“So He came to Nazareth, where He had been brought up. And as His custom was, He went into the synagogue on the Sabbath day, and stood up to read. And He was handed the book of the prophet Isaiah. And when He had opened the book, He found the place where it was written: ‘The Spirit of the Lord is upon Me, because He has anointed Me to preach the gospel to the poor. He has sent Me to heal the brokenhearted, to preach deliverance to the captives and recovery of sight to the blind, to set at liberty those who are oppressed, to preach the acceptable year of the Lord.’ Then He closed the book, and gave it back to the attendant and sat down. And the eyes of all who were in the synagogue were fixed on Him. And He began to say to them, ‘Today this Scripture is fulfilled in your hearing.’”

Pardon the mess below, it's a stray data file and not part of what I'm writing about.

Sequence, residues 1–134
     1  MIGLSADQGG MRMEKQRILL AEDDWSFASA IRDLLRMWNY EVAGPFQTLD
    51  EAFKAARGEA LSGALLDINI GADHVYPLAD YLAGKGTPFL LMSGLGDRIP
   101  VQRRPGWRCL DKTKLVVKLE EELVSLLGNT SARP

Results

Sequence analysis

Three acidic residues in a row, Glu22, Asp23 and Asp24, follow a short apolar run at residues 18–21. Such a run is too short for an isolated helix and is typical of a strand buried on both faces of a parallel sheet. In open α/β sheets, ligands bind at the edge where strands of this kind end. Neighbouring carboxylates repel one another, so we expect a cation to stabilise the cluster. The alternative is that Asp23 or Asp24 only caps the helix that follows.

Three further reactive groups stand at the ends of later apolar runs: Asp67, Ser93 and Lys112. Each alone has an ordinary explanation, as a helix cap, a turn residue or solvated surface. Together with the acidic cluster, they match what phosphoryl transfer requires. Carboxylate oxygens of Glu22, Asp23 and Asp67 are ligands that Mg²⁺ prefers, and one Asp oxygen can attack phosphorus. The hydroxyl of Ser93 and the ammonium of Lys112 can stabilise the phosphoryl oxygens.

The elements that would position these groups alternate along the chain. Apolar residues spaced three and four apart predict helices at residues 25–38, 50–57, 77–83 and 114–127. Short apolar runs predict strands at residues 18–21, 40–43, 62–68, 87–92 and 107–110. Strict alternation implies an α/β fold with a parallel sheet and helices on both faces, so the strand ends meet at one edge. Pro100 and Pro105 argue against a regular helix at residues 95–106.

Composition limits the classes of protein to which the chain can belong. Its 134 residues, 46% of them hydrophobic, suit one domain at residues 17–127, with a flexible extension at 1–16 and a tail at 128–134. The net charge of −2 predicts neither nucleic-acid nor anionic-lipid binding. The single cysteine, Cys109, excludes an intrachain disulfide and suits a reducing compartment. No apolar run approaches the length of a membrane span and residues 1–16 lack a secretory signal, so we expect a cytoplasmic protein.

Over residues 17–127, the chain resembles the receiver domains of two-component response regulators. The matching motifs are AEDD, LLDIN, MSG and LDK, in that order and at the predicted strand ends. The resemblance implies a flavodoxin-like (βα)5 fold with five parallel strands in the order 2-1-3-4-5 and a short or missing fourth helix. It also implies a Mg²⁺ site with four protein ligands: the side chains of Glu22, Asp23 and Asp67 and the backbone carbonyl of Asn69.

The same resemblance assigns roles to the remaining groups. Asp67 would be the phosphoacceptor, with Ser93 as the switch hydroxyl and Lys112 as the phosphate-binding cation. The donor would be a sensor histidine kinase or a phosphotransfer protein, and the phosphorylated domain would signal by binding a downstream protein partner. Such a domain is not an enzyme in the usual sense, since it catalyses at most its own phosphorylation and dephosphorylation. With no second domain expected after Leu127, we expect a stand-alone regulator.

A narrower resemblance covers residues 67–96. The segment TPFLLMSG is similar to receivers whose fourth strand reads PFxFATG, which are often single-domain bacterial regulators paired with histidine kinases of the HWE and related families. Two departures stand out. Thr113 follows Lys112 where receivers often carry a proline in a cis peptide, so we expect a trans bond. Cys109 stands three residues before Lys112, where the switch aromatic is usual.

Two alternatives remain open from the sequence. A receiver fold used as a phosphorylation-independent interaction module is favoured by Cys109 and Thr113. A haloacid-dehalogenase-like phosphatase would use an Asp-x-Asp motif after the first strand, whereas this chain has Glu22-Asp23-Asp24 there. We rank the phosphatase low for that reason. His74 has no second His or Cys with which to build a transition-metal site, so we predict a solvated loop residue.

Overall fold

Jesus read this text, which has always been understood to be a prophecy of the Messiah. It appeared to be a single event; however He revealed that in reality the passage was speaking about two separate events. The Messiah did not have a singular undertaking on earth, but two completely distinct missions that were separated by over two thousands years, that of Christ’s first coming and His second coming, with the Church set between the two (again, the pause in Daniel’s 70 weeks, between week 69 and 70 ~ Dan. 9:24-27; with week 70 starting again with the Rapture of the Church and the Great Tribulation). His first mission was proclaimed in verse one, and in the first sentence of verse two.1